So philosophical argument that the OT is faulty doesn’t stack up.
Which leaves us with the alternative – is there any objective evidence that the OT does contain errors – any errors?
None. That is the point I was making, no more, no less. After two thousand years of criticism and discovery, not one actual error has been found in the OT amongst what is still capable of verification four thousand years after the events. However, time and again historians have found that what they assumed to be erroneous references in the OT are in fact true (e.g., the discovery of the Hittite civilisation only last century).
Reason to disbelieve them could come from the natural world around us, but again (and I’m not attempting to be personal here because it applies to many) there is widespread ignorance about what the OT actually says. You, for example, suggest there’s no evidence of a worldwide flood 4000 years ago. Great. Now tell me where in the OT it says there was a worldwide flood “4000 years” ago?
This sort of strawman rubbish would be laughed out of most theological colleges but it survives in the pages of Skeptic Journals as if it is some kind of silver bullet.
Your bottom line premise is that there is no reason to take the OT as a true and accurate record of history. That’s your philosophical position, now provide me with some real instances where the Bible is wrong to support your premise with evidence.
You suggest all life is related. Perhaps it is, perhaps it isn’t. There is no direct scientific evidence of this, only speculation based on the circumstantial evidence. And the circumstantial evidence is effectively confined to the structure of cellular organisms and the fact that every living thing contains DNA. But I and others could equally look at the same evidence and speculate that it points to the existence of a common Intelligent Designer who used a blueprint to create life. Just as roads the world over are made of asphalt, because it works as a roading surface, so too does all life contain DNA, because that is the computer programme God designed to run life with. The mere fact that Brick “A” was found in the Victoria Park Market chimney, and Brick “B” forms part of the Sistine Chapel, does not imply that VPM and the Sistine Chapel are related. They are, but only to the extent they were designed by humans using a common design ingredient.
So here are a couple of biological posers for you: if random evolutionary change, driven by the engine of natural selection, is the reason for the wide variety of lifeforms on this planet, perhaps you can explain to me why it was only DNA-based organisms that formed life? Why do we not have a range of unconnected lifeforms if evolution was as simple and common an occurrence as you imply?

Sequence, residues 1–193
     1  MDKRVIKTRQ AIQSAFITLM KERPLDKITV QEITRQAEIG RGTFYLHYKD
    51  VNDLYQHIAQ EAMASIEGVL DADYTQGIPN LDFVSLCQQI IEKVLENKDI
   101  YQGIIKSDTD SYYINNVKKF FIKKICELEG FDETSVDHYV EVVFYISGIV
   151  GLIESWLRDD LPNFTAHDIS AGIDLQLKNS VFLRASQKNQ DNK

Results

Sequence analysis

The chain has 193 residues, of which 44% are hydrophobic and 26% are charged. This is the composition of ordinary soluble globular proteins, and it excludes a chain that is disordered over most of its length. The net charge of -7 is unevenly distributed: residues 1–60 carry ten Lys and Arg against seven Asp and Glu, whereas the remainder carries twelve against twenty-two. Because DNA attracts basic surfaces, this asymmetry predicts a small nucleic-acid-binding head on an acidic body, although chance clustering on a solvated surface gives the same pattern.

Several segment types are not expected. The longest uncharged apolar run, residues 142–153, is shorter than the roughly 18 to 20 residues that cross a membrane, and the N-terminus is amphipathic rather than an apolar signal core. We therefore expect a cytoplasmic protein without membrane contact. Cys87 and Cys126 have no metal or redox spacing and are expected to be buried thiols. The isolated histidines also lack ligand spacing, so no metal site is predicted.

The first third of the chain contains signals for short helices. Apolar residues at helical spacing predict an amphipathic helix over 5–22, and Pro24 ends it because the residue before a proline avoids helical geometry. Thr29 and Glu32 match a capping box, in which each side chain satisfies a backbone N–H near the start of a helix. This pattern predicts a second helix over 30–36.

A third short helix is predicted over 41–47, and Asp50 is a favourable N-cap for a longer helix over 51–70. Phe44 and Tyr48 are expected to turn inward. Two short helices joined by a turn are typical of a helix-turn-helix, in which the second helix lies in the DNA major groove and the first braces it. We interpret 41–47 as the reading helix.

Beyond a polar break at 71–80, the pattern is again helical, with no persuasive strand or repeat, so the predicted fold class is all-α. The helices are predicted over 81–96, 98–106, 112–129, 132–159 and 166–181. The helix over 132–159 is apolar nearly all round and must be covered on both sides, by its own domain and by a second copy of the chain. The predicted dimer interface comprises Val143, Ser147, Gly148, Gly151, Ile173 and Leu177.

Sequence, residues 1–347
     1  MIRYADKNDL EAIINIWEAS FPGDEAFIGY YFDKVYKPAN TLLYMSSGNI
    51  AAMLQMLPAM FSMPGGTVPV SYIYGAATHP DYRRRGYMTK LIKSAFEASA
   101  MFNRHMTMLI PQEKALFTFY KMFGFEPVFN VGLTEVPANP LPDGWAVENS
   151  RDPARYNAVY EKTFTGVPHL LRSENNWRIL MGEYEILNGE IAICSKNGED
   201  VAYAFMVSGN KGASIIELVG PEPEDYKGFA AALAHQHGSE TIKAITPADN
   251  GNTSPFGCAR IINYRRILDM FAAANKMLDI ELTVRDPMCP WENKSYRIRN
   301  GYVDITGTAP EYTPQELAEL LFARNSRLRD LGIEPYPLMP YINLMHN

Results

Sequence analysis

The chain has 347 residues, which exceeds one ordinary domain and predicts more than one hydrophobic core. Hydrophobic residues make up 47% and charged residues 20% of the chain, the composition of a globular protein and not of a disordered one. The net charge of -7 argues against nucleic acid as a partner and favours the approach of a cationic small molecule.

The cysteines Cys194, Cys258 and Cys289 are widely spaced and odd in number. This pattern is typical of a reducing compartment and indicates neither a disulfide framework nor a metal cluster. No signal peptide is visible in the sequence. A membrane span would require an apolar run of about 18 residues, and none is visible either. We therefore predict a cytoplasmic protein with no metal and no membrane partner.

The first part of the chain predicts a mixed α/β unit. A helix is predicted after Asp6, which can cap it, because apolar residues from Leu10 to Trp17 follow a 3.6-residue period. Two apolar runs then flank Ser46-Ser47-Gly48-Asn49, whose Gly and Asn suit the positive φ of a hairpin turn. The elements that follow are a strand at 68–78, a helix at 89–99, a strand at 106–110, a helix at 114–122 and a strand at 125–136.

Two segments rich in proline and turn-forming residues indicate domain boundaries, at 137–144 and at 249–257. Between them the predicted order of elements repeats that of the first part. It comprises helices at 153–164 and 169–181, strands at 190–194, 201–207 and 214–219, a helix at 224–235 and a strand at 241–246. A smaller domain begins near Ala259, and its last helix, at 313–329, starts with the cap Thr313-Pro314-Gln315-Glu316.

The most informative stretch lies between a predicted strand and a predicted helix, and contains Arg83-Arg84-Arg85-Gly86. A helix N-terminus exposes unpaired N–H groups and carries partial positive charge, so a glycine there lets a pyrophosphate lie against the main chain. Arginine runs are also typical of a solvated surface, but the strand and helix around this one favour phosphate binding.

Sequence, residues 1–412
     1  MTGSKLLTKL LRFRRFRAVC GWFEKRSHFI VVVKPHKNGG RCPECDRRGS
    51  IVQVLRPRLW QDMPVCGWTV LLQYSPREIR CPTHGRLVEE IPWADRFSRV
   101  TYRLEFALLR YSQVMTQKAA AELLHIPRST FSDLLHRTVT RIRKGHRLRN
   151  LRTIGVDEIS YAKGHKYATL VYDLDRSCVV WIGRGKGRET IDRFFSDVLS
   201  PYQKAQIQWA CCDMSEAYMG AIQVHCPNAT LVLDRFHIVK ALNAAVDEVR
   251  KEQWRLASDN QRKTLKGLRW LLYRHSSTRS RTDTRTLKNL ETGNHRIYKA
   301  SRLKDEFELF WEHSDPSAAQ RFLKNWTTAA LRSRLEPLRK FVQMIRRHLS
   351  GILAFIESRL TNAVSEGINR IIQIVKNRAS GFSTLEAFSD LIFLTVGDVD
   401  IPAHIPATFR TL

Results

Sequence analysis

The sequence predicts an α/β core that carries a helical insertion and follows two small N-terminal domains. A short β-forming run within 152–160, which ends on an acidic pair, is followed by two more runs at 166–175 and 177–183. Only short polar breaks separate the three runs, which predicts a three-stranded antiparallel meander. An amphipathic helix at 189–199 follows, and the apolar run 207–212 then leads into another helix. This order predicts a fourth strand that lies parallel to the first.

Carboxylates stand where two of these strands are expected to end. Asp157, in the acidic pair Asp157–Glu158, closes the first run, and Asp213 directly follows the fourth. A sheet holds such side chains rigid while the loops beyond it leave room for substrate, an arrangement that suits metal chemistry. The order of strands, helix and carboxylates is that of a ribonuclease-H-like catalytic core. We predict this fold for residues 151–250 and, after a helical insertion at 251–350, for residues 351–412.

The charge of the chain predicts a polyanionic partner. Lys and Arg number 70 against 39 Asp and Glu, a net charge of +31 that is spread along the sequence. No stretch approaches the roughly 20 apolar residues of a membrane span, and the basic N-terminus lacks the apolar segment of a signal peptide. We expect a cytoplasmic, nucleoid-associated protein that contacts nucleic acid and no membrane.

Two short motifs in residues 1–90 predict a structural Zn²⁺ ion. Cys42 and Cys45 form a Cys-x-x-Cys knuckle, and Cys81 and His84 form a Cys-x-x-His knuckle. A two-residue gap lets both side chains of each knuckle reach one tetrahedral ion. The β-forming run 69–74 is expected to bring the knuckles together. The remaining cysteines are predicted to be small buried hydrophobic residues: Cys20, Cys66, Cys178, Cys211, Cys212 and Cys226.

More intriguingly why is it, if evolutionists are correct, that all lifeforms would track back to one common ancestor? Why only one? Why not 500 different original species each giving rise to their own lineage?
Either God is powerful enough to raise Christ from the grave and defeat Evil, or he’s not. Either God by definition is a perfect being and the epitome of truth, or he is not. Either God can inspire his disciples to write his truth in the Old Testament, or he can’t. And if he can’t ensure that the OT is correct, why should we believe the NT?
TOUGH QUESTIONS: Sep 05, AU Edition
Child abuse and the nature of evil
Surveys show around 90% of Australians and New Zealanders have a spiritual belief. Many people as part of that belief acknowledge the existence of spiritual evil, whether in the new agey “bad karma” sense or in the traditional Christian, Islamic or Jewish view of evil personified in satanic form. In Europe, however, belief in God is dropping away rapidly as Europeans see themselves as enlightened social liberals. In France, in particular, belief in the existence of the Devil is held by only 17% of the population, compared with 65% in the US.
Is it possible that by abandoning belief in God, people can leave themselves wide open to genuine spiritual evil? That is the question ultimately thrown up by last month’s convictions of 62 people in a French village for “raping, prostituting, molesting or failing to protect 45 children as young as six months old,” as the Belfast Telegraph succinctly summed it up.
The accused villagers, aged between 27 and 73, including 26 women. These people were the parents and grandparents of 45 children from 23 families. As the newspaper notes: “They took part in the sexual assaults themselves or accepted small payments, including cigarettes, drink and food, for the use of their children.”
Some people would have us believe that sexual orientation is something we’re born with. What are we to make of the news that the inhabitants of an entire village were born paedophiles? Do we believe this is a random fluke of nature, or is the cause of this infestation more likely to be a direct result of the culture and belief systems our generation is creating in the West? Like the eagerness of Germans to round up “subhuman” Jews for the final solution, or the speed with which otherwise civilised Los Angelenos descended into brutal bloodlust, rape and riot, burning their central city in 1991; I’m far more inclined to believe that evil is not a “natural” genetic flaw, it is a path we choose. Remember those cartoons with the angel on one shoulder and the devil on the other? What happens when the person in the middle no longer believes in angels – where then does their advice come from?
The answer can be seen in the French town of Angers.